A $6 million development starting in the Cardrona Valley early next year is not designed to showcase holiday chalets but a new eco-friendly radiata pine product, used as cladding for both internal and external use.
Abodo Wood director Daniel Gudsell, of Auckland, said he expected it to take some time to build up interest and orders for the cladding but the chalet development would introduce the product to the market.
“We wanted something suitable for the dry and harsh conditions in Central Otago,” he said in an interview.
Builders would expect untreated radiata to last “only two or three years” outside, but Abodo’s “baking process” altered and strengthened the soft timber’s cellular structure, he said.
The process was developed in Finland more than 20 years ago.
Abodo steam-heats and “bakes” clear-grained radiata pine to about 230degC without the addition of chemicals, which doubles its stability and leaves it with just 7% moisture content.
It can be left in its chocolate coloured finished state or penetrating oil can be applied to produce a range of finishes.
The chalet development is using Arrowtown-based Assembly Architects and Mr Gudsell said local builders would soon be employed, while internal fittings would be made in a local joinery shop.
Aside from individual houses, it is Abodo’s first outright South Island development.
Abodo is an Auckland-based private family business, with a $45million annual turnover. It exports about 70% of its products to Australia, the UK, Western Europe and Southeast Asia.
Mr Gudsell concedes the company “is playing the long game” in the Cardrona Valley, in that new materials have to be seen to be working, and weathering local conditions.
However, he hopes the importation of Canadian cedar from 200-500 year-old trees will eventually diminish.
“People can see it [up] for two or three years and can then decide to take it seriously,” he said.
The Vulcan Cladding complies with the New Zealand Building Code, has a 15-year warranty against decay and is certified by the Ministry of Business, Innovation and Employment, under its Codemark programme.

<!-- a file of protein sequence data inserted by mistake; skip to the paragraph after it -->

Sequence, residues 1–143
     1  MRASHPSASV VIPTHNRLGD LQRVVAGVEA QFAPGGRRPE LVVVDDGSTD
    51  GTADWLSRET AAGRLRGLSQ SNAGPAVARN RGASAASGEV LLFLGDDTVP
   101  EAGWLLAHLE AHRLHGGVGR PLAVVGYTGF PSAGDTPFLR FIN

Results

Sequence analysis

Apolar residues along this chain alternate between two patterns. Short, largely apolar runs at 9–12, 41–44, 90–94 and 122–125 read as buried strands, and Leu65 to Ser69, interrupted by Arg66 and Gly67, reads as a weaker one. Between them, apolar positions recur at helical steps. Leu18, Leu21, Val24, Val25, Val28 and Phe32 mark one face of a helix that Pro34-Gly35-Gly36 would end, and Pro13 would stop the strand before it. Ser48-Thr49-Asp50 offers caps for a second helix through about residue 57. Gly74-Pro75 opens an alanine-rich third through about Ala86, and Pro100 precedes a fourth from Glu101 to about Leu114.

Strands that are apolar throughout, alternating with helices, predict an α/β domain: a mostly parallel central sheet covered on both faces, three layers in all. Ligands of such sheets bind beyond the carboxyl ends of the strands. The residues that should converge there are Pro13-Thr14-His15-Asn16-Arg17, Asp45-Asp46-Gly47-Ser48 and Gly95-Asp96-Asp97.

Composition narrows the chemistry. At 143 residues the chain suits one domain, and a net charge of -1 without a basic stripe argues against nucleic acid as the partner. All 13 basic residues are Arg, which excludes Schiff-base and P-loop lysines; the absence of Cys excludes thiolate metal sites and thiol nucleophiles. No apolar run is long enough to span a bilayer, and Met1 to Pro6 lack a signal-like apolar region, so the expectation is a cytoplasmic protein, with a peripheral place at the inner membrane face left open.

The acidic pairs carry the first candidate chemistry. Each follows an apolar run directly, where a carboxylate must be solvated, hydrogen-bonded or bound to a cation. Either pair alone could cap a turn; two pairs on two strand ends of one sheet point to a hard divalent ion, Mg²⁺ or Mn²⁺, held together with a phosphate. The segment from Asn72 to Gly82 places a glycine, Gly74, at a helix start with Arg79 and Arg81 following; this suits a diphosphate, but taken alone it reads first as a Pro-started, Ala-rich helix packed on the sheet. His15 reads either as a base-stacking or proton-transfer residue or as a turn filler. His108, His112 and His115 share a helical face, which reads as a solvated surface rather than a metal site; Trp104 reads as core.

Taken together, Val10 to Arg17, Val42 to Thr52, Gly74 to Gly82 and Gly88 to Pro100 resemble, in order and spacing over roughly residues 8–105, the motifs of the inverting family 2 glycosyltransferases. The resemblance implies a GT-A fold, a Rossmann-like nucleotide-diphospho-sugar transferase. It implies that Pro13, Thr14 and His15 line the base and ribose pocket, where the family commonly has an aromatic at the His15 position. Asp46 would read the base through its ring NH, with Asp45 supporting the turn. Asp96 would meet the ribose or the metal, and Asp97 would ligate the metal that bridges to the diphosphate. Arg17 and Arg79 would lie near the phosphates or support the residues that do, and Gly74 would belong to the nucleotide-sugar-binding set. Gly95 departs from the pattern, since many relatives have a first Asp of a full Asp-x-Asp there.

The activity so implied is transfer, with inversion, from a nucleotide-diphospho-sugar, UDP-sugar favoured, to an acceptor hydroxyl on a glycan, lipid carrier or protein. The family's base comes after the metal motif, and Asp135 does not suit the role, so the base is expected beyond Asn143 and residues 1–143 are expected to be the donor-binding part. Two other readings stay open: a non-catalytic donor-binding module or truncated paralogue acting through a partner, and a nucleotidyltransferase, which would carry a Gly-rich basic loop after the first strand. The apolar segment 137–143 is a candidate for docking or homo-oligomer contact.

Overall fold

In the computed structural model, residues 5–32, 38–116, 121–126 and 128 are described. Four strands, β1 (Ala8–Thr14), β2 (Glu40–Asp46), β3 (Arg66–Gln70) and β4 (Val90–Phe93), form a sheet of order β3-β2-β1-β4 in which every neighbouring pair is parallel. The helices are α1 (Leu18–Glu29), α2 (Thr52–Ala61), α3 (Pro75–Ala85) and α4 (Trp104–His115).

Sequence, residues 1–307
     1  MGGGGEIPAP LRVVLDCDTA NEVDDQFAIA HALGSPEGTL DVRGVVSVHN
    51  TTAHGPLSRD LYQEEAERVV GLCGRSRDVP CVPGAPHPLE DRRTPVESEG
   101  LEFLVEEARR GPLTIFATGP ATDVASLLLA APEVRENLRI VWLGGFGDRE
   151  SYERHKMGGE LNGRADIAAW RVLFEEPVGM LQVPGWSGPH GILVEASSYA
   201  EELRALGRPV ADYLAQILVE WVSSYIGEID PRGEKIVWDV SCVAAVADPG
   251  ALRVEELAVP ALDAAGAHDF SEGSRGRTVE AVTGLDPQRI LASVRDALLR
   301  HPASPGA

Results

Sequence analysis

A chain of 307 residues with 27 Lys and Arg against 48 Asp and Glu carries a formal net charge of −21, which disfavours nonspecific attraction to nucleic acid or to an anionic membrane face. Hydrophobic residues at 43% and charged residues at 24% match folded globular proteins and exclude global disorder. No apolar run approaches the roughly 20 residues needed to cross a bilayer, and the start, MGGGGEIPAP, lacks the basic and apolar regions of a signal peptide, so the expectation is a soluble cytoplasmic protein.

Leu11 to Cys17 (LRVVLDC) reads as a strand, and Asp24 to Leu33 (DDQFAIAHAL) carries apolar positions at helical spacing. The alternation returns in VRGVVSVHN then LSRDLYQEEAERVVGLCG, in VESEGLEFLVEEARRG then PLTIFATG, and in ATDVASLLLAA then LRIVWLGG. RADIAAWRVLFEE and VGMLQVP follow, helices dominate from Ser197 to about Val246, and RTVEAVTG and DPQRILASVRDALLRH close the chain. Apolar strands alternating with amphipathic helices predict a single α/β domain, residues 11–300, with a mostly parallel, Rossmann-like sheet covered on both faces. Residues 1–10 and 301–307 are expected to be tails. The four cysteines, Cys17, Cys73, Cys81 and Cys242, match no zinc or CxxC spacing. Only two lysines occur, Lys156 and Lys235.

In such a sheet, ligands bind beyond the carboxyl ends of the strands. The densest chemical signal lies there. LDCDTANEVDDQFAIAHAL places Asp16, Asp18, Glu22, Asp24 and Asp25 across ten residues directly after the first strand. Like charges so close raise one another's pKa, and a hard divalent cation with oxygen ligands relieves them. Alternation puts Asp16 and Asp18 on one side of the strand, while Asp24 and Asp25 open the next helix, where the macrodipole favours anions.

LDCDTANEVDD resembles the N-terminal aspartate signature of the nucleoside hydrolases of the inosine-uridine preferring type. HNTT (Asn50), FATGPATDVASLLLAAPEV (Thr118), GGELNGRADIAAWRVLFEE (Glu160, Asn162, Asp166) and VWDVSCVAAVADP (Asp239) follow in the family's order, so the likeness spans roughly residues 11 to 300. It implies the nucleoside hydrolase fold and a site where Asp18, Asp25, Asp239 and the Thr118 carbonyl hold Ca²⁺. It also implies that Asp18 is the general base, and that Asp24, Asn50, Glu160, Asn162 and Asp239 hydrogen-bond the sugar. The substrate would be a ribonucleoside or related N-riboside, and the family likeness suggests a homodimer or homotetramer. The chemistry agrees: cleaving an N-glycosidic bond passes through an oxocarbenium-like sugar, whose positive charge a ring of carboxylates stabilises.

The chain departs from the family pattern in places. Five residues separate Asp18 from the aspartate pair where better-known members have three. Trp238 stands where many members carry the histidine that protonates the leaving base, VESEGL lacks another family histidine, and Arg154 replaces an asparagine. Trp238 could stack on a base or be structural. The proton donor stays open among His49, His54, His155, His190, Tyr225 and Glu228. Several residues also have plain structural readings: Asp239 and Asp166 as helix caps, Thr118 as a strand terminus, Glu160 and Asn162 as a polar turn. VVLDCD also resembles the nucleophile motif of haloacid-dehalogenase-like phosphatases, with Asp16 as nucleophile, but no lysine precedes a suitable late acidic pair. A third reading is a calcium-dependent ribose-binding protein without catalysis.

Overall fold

Mr Gudsell wanted people to see that aside from being chemical-free, there was a local alternative to imported cedar that could withstand the harsh alpine climate.
He added most people did not realise much of the imported high-grade cedar was from old-growth trees, which had damaging ecological, economic and cultural impacts in the country of origin.
The first development phase in the Cardrona Valley will be a 102sqm show home, architecturally designed to evoke local farm sheds and huts.
After that will come seven stand-alone chalets of about 150sqm, each with three or four bedrooms. The chalets will be rented to visitors.
Some Abodo timber components were used in the construction of Camp Glenorchy’s sustainable cabins two years ago.
Mr Gudsell said there were no plans to sell the Cardrona accommodation chalets, as he wanted them to be a “showcase village” for Abodo’s Vulcan Cladding, which was also certified by the Forest Stewardship Council.
“It’s important people can see them over a period of time.”
He wanted to demonstrate how the New Zealand plantation-grown timbers performed in the challenging “hot one day, cold the next” Central Otago environment.
The more than 5000sq m block of land on Cardrona Valley Road is about three blocks away from the Cardrona Hotel.
Mr Gudsell hopes the company’s annual processed timber sales will almost double over the next three years, to about $80million. The United States will be the next offshore market to look at.
At present all the timber is from renewable North Island forests, but high inter-island transport costs already have Mr Gudsell considering buying South Island timber and having it milled locally.